15. 15 Tom Costello said at 2:59 pm on January 22nd, 2007:

    There is a cementitious material that can be sprayed on to EPS that has been approved by ICC. Not sure if Grancrete has those types of credentials or not but if not, it will be a struggle to get this stuff through a muni department.

  16. 16 marshall warren said at 11:26 am on February 12th, 2007:

    grancrete sounds nice but difficult to use and expensive. Plus as this forum shows, a lot of questions. What is the problem with applying a bonding agent to eps and than expanded metal mesh and trowelling cement onto the surface? It seems you would end up with the same structural integrity as a sip using cement board.

  17. 17 Blayne said at 2:51 pm on April 18th, 2007:

    Anyone still reading this site have any updates on their esperiences with grancrete or gigacrete? Anyone know of any homemade mixes for geopolymers or anything else comparable and cheaper in price?

    I am a former masonry and concrete contractor and have been looking for cheaper alternatives for 25+ years. Concrete is still hard to beat in terms material price but is labor intensive.

    One thing I have learned in all this is if we’re going to really find a significantly cheaper better material/method were going to have to do it ourselves and spread it word of mouth. But most of us are too busy making and living and living life to put the time and research into doing it.

    One thing is for sure anytime some company such as grancrete finds something then the coporate politics always seems to throw a wrench in the gears and or maybe it’s just greed as far as the cost savings not to mention building departments.

    I have heard rumors the military has some sort of polymer mix they can mix with just about any soil and it is stronger then concrete. They supposedly use it to make quick runways and other hard surfaces but they don’t want to make it available to the public as it would destroy the building materials market for concrete and asphalt etc. as it is so cheap and easy blah blah. But you know how rumors go…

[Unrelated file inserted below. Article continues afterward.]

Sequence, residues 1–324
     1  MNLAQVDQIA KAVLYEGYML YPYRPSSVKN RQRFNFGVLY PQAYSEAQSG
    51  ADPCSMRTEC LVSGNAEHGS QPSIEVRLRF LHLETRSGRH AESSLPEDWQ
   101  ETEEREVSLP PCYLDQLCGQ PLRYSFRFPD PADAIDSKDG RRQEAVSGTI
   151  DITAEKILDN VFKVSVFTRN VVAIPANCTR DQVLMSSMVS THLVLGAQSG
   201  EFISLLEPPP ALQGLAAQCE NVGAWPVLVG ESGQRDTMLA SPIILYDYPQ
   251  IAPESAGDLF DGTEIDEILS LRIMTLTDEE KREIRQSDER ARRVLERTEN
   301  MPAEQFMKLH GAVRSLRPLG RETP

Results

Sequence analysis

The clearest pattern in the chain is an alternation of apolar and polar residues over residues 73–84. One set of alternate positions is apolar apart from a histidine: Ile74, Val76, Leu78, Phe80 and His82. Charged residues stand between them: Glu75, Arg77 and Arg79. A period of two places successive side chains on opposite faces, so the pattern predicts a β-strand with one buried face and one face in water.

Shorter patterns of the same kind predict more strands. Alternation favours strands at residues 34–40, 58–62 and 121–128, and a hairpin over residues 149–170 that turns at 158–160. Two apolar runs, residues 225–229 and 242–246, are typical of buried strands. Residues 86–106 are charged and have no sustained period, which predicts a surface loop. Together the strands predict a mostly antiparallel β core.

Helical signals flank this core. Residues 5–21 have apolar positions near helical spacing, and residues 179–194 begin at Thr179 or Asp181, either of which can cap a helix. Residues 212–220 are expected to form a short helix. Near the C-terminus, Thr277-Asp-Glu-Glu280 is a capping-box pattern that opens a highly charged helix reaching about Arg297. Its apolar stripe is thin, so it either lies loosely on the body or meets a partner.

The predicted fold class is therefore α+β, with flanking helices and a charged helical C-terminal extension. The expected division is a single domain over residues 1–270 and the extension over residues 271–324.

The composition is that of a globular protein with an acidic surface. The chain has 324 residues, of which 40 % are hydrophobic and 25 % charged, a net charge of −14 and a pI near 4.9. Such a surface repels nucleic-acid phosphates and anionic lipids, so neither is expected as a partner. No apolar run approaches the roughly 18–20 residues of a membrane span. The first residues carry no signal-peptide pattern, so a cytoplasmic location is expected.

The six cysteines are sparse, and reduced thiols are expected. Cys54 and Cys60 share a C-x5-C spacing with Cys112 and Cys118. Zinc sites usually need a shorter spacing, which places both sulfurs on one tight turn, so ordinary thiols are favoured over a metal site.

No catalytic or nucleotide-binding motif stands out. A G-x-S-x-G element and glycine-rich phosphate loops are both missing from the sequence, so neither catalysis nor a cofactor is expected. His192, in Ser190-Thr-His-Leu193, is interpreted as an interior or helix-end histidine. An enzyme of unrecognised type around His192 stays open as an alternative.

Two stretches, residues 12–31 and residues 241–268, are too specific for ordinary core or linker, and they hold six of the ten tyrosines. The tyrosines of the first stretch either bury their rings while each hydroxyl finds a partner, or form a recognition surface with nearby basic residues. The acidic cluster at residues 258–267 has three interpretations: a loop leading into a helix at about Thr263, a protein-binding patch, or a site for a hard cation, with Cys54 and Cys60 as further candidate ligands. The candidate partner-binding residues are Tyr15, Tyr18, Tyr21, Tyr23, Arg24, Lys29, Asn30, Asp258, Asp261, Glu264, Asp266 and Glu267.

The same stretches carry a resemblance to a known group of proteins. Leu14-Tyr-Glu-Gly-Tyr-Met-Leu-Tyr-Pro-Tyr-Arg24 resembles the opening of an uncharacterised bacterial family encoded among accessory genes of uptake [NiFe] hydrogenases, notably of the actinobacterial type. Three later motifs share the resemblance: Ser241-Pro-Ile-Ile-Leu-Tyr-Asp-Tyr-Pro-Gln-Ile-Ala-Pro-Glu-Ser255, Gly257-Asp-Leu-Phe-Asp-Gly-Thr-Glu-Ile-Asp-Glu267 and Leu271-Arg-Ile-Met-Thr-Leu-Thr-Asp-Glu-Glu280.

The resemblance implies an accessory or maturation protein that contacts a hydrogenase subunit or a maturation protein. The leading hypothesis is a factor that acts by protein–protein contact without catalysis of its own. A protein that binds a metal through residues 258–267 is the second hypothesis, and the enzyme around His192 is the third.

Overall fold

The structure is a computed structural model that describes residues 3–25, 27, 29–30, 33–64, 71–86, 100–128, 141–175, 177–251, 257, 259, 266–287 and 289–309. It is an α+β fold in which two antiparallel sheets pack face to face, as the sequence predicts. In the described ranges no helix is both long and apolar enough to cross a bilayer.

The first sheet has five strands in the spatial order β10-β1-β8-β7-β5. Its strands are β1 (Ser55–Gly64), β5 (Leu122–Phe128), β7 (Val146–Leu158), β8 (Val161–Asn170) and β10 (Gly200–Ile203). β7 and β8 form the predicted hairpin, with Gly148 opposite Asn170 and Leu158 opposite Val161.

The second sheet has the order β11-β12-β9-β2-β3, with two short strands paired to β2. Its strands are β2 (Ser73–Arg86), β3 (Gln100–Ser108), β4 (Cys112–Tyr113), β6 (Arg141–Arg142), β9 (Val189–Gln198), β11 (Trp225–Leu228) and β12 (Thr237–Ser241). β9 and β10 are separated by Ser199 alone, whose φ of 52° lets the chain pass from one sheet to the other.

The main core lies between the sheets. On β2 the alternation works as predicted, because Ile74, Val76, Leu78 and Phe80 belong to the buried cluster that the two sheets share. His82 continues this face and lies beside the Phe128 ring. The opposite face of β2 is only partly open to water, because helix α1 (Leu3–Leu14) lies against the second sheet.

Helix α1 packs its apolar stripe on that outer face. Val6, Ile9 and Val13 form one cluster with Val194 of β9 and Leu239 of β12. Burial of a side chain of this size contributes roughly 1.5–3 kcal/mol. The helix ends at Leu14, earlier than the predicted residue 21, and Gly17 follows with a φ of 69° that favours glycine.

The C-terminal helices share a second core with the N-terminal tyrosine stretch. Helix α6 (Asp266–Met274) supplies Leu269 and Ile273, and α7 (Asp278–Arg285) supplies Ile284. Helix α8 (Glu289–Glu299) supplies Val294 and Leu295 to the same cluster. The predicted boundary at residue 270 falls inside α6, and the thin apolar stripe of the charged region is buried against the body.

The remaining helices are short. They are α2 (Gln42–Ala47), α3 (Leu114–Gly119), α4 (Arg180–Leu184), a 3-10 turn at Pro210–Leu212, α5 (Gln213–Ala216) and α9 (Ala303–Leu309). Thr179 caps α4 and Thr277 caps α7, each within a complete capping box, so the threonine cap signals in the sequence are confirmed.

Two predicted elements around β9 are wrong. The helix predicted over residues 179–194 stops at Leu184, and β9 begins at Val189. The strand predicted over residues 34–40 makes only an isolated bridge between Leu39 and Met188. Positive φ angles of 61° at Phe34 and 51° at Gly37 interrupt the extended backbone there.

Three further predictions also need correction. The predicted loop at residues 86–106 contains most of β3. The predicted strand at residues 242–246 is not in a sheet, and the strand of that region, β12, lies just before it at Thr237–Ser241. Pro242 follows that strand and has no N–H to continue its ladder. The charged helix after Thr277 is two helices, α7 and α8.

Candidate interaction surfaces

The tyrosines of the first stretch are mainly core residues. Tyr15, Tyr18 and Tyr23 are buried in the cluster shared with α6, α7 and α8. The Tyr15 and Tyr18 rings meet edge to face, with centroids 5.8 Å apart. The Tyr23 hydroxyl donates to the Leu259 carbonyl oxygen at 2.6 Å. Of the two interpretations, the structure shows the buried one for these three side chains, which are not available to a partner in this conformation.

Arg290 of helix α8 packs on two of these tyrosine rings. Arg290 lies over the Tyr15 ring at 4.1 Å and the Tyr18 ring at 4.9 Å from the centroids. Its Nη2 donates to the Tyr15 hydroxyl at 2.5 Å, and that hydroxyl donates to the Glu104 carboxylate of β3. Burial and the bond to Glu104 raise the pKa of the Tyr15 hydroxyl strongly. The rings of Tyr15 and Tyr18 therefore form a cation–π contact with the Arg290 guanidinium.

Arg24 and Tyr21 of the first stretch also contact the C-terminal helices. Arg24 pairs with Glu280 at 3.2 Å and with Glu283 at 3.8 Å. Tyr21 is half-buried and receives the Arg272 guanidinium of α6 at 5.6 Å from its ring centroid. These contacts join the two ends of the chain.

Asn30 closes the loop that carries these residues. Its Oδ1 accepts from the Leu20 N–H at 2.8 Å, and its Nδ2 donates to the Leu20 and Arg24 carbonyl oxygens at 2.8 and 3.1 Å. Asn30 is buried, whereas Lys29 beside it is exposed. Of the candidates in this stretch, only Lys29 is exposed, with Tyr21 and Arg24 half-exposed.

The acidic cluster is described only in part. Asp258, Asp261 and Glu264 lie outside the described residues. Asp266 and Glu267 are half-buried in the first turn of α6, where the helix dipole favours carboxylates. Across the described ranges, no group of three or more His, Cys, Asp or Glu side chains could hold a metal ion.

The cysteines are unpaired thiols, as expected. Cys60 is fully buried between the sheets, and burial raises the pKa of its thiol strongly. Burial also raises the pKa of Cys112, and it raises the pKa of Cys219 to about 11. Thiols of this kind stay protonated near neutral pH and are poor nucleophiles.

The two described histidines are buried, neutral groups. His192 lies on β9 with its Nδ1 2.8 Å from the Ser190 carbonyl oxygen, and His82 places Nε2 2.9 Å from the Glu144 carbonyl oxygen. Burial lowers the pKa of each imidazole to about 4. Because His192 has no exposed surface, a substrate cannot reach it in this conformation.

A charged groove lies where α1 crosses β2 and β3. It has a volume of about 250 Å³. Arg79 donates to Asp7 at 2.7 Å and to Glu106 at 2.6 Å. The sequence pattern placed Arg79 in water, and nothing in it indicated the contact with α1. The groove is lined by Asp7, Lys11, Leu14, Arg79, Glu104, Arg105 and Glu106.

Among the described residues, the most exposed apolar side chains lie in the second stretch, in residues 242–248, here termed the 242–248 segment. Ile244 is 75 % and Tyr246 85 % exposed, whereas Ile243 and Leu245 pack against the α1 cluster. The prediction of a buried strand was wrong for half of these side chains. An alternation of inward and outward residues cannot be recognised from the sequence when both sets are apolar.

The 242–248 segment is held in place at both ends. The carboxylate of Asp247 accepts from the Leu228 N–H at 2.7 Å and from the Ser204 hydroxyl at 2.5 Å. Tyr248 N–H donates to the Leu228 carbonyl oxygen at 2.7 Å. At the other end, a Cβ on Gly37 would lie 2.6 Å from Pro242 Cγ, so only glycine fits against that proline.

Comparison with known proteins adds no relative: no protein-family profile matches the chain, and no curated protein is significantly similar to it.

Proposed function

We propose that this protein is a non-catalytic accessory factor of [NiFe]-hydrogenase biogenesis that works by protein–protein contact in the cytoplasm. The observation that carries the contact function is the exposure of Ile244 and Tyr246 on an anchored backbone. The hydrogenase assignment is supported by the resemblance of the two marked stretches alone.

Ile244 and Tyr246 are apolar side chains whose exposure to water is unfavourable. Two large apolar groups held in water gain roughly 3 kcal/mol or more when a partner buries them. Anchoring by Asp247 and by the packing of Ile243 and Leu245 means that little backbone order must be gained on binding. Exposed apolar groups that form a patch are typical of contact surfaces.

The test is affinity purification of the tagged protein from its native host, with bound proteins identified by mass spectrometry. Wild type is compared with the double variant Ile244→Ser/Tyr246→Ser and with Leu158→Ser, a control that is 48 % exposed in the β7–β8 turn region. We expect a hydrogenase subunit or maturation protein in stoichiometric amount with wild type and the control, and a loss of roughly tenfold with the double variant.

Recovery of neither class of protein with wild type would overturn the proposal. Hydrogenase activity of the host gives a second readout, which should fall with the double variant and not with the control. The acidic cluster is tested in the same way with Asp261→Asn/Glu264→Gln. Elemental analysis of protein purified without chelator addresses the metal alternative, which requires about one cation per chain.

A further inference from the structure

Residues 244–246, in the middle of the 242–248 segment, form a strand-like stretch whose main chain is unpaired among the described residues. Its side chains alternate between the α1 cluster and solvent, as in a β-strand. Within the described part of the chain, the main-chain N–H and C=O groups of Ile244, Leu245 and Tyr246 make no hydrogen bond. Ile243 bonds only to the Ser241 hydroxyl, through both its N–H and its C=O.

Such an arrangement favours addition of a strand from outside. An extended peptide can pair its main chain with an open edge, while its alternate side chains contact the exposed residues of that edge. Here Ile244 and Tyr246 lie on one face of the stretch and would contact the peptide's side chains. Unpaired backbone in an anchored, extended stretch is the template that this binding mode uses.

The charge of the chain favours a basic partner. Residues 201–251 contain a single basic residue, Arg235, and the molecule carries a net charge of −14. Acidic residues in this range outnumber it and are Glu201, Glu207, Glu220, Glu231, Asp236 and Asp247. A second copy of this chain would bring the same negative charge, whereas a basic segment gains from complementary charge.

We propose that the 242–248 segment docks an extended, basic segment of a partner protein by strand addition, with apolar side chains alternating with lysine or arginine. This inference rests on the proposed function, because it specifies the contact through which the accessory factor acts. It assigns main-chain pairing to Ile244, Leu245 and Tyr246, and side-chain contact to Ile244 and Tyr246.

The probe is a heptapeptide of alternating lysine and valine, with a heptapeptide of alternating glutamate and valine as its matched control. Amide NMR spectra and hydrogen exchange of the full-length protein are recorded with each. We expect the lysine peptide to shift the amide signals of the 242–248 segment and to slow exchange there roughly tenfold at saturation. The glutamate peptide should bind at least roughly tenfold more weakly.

18. 18 R. K. Corbett, Jr. said at 7:44 am on May 6th, 2007:

    I understand you are located in Virginia. I would like to see some examples of your construction.

  19. 19 Norm B. said at 12:14 pm on November 4th, 2007:

    I’m hoping to test build a small (garage) structure using 8″ to 12″ geofoam with grancrete in the next year. I’d like to use the technique for some structures in the Bahamas. Due to terminites possibly nesting in the foam I want to use Borax impregnated geofoam.

    One of issues I see is connection of panels, roofs etc. My current plan is to use long plastic/polyester screws, and use stainless steel screening bent around various connections – corners, cornices etc. Additionally I may run various strapping from foundations. I’m also anticipating some glue.

    For window and door bucking, I’m looking to use all plastic/composite wood materials – again trying to avoid termites. I don’t want any wood in the house except in cabinets and furniture and even then the termites are sure to find that wood.

    Some other possibilites for a geofoam/grancrete combo:
    * geodesic domes. You could precut all the triangles, put up the dome in hours and spray. I believe you could do this without rebar. If desired, metal mesh could be fairly easily installed over the exterior. This would be much easier and cheaper than the air-form, spray foam, rebar, concrete monolithic dome technique. It would also be even better insulated. I’m thinking of 1ft thick geofoam for this.